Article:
With the 1974 amendments, Congress also extended enterprise coverage to employers with employees “handling, selling, or otherwise working on goods or materials ․”  29 U.S.C. § 203(s)(1)(A)(i).   We do not question that Congress's use of the disjunctive “goods or materials” demonstrates that Congress was purposefully adding a different means to qualify for FLSA coverage.   See, e.g., Spector v. Norwegian Cruise Line Ltd., 125 S.Ct. 2169, 2180 (2005) (“Title III does not define ‘difficulty’ ․ but use of the disjunctive-‘easily accomplishable and able to be carried out without much difficulty or expense’-indicates that it extends to considerations in addition to cost.”).  “[M]aterials” cannot be covered by the ultimate-consumer exception, an exception set out only in the Act's definition of “goods.”   So, if Defendants in the cases now before us had employees “handling, selling, or otherwise working on ․ materials” (and Defendants met the statute's other requirements), Defendants would be subject to the FLSA.

Since the 1974 amendments, controversy has existed about the correct meanings of “goods” and “materials,” in part because Congress did not specifically define “materials.”   This confusion is a problem when applying the FLSA. We must be able to distinguish “goods” from “materials” to know whether the ultimate-consumer exception might apply:  the exception applies to some “goods” but never to “materials.”   We turn now to discuss what Congress intended by “goods” and “materials” and the interplay of those words in the handling clause.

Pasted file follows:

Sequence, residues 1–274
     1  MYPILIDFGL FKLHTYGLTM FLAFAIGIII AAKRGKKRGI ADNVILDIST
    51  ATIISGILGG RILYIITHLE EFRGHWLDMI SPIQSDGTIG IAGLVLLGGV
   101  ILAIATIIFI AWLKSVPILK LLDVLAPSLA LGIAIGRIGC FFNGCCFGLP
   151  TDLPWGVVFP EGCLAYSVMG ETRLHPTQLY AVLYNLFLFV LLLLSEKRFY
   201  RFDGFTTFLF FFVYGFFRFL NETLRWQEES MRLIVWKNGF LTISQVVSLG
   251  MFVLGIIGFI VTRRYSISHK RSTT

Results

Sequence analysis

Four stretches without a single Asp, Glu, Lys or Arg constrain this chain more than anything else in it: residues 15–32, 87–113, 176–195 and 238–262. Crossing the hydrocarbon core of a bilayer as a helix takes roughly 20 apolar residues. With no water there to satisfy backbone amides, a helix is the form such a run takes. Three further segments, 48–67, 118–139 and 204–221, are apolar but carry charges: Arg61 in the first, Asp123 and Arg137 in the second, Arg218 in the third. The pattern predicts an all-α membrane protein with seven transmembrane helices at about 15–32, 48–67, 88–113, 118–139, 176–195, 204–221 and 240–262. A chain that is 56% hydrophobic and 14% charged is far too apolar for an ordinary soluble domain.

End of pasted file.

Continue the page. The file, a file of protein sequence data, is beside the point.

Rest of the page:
Several basic principles of statutory interpretation guide our inquiry.   First, we presume that Congress intended “goods” and “materials” to have different meanings;  and if the ultimate-consumer exception applies to items that are “goods,” the exception does not apply to items that are “materials.”   See Barnhart v. Sigmon Coal Co., 122 S.Ct. 941, 951 (2002) (“[W]hen Congress includes particular language in one section of a statute but omits it in another section of the same Act, it is generally presumed that Congress acts intentionally and purposely in the disparate inclusion or exclusion.”) (internal quotation marks omitted).   Second, where Congress has provided a specific statutory definition, in this case for “goods,” we may not ignore it:  it is our obligation to give meaning to all of the statutory language that Congress enacted.   See Burgess v. United States, 128 S.Ct. 1572, 1577 (2008);  In re Hedrick, 524 F.3d 1175, 1189 (11th Cir.2008).   Third, as we determine the correct understanding of the word “materials” within the handling clause, we disfavor any construction that would cause an overlap with the definition of “goods”;  we do not presume that Congress has by implication overruled a portion of the preexisting “goods” definition or the important ultimate-consumer exception that is part of that definition.   See Rodriguez v. United States, 107 S.Ct. 1391, 1392 (1987) (“It is well settled, however, that repeals by implication are not favored and will not be found unless an intent to repeal is clear and manifest.”) (internal citations and quotation marks omitted).